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Defrosting the Frozen Shoulder

By: | Tags: , , , , | Comments: 0 | May 14th, 2019

Welcome back Folks!

Today’s post is all about the frozen shoulder, what is it? how does it progress and what treatments actually work?

 

What is it?

Well to start off with you will be glad to hear that Disney’s Elsa has nothing to do with this shoulder condition! In fact this condition has nothing to do with the cold at all. The medical name for this condition is “Adhesive Capsulitis” which does a far better job of describing the condition. The ball and socket of our shoulder is surrounded by a capsule made of interlinking muscle and fascia (a non elastic, cling film like structure). The purpose of this capsule is to help support the shoulder joint and to contain the synovial fluid (joint lubrication) within. “Adhesive Capsulitis” is when that capsule forms a crease and becomes stuck to itself, imagine when you are trying to tape up a present and the tape folds and gets stuck to itself.

Frozen Shoulder Physio Hoddesdon

 

 

So why does it stick to itself? Often this is due to shoulder immobility for an extended period of time (often due to pain but also sometimes from stroke immobility), however it can also occur when there is direct trauma or surgery to the capsule and the healing process of this damaged capsule tissue can cause it to stick to itself. Unfortunately the most at risk group are post menopausal women & diabetics due to blood supply hormonal changes which affect our bodies loft tissue elasticity, the other group of people most at risk at people with Rheumaticalogical conditions.

 

Just because you have limited range of movement does not mean you have a frozen shoulder. This condition is very commonly misdiagnosed, so even if you have been told you have a frozen shoulder we recommend you come in for a thorough assessment to make sure that is the case.

 

Stages

Adhesive Capsulitis goes through 3 fairly distinct phases and can take quite a long time to pass through each phase (sometimes up to 2-3 years from start to finish!) they are:

Freezing – the initial painful phase, this last anywhere from 6 weeks to 9 months, movement is usually lost gradually during this phase

Frozen – this phase is generally marked by a reduction of the shoulder pain but a continuation of the significant reduction to range of movement. This phase tend to last 4 to 9 months

Thawing – during this phase the patient tends to gradually regain movement and can last anywhere from 5 to 23 months.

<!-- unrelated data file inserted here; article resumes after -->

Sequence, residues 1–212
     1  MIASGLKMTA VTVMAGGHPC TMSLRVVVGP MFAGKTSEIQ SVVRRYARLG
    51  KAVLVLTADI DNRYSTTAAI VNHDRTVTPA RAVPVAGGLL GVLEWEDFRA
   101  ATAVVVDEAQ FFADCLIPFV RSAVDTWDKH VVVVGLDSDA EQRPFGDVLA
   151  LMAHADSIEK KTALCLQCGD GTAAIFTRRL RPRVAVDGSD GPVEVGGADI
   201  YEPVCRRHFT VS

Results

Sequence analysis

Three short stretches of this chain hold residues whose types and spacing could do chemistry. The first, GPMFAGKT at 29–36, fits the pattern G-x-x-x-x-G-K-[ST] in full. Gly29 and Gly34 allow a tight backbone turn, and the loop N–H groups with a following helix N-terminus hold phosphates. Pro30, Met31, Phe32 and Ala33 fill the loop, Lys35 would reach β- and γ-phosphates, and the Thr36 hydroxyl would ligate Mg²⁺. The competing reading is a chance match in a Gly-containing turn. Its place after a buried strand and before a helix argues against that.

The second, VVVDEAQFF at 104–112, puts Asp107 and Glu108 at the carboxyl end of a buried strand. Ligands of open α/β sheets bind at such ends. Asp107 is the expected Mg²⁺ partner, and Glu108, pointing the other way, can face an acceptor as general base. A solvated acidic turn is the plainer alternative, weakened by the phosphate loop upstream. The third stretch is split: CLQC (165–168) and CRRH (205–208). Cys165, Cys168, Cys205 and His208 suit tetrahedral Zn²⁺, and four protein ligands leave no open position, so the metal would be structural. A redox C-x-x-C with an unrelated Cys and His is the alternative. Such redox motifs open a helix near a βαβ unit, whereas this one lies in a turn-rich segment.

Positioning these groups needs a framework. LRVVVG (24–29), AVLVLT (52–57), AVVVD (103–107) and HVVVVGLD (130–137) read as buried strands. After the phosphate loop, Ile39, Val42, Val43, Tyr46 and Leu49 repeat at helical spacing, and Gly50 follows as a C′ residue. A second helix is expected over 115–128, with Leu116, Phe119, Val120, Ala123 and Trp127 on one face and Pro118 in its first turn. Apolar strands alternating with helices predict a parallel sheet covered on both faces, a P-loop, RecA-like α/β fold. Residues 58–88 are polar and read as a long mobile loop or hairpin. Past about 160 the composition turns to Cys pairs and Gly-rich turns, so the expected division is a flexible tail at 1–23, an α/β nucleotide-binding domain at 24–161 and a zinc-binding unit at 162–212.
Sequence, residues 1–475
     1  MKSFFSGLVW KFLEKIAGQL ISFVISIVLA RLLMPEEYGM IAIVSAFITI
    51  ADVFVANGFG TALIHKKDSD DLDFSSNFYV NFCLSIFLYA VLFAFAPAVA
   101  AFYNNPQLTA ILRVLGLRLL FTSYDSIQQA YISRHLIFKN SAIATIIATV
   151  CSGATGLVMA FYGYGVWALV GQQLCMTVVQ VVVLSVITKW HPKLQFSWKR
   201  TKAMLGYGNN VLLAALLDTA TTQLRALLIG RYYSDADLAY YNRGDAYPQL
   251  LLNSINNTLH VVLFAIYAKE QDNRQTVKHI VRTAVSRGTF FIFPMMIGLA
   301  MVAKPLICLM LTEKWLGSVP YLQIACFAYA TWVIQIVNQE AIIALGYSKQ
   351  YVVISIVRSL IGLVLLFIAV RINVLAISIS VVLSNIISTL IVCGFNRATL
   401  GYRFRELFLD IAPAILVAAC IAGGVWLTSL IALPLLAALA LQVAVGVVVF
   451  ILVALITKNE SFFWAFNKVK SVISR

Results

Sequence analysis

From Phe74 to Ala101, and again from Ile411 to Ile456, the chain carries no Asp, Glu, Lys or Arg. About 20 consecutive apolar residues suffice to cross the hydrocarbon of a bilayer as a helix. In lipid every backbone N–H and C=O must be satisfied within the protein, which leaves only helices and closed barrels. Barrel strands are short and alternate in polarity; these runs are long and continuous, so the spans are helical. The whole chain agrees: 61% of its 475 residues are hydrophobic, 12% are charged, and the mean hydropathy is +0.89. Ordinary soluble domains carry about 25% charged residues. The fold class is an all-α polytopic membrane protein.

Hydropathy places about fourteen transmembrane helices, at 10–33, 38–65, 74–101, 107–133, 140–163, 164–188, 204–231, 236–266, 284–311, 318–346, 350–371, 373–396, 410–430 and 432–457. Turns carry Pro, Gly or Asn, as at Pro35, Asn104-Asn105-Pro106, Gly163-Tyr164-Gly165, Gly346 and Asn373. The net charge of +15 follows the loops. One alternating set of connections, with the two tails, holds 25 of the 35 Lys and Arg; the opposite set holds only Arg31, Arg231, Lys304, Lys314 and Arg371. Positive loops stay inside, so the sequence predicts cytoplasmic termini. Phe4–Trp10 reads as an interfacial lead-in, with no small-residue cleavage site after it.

Treatment

It’s quite a scary thought to consider your shoulder function can follow a worst case scenario of 3 years to return to normal function. However there are many things that can be done to speed up the progress, some things as simple of knowledge of the condition and ensuring you keep the shoulder mobile during times of shoulder pain and discomfort to reduce the chances of frozen shoulder formation.
shoulder pain physiotherapist

 

Treatment tends to vary depending on what stage you are in and the current evidence suggests the best course of action is:

 

Freezing – Pain relief medication, anti inflammatory medications, steroid injections, acupuncture, assisted and passive range of movement of the shoulder to try and reduce the amount of lost range of movement

Frozen – Working consistently on range of movement exercises that work right to the ends of your current ranges of movement and shoulder strengthening exercises. Sometimes more aggressive forms of treatment are undertaken such as manipulation of the shoulder joint under anesthetic and radio frequency ablation

Thawing  – Similar to above Physiotherapy input to accelerate the regaining of shoulder range of movement and strength whilst ensuring correct muscular patterning around the shoulder

 

Manual shoulder physiotherapy

 

So that’s the round up, there is a lot to take on board and we will be sure to explain as much as we can during an appointment with our team. So the take home points, if you have been diagnosed with a frozen shoulder, it may not be the case! It is worth having it assessed by a an experienced and skill Physiotherapist. If a diagnosis of a frozen shoulder is confirmed we will make sure we give you enough skill and knowledge to become independent through the most part of your self treatment and refer you on if we feel a more aggressive form of treatment is suitable for your shoulder.

 

to find out more book your appointment here.

 

Kind regards from the Shawe Physio team!